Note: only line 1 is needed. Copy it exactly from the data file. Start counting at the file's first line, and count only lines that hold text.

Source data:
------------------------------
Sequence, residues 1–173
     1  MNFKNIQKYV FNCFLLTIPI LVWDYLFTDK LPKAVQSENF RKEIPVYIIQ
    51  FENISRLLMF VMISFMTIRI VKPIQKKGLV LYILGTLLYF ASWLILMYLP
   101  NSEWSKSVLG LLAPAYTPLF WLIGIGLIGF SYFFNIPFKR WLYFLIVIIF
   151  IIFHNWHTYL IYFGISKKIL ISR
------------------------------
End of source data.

Sequence, residues 1–173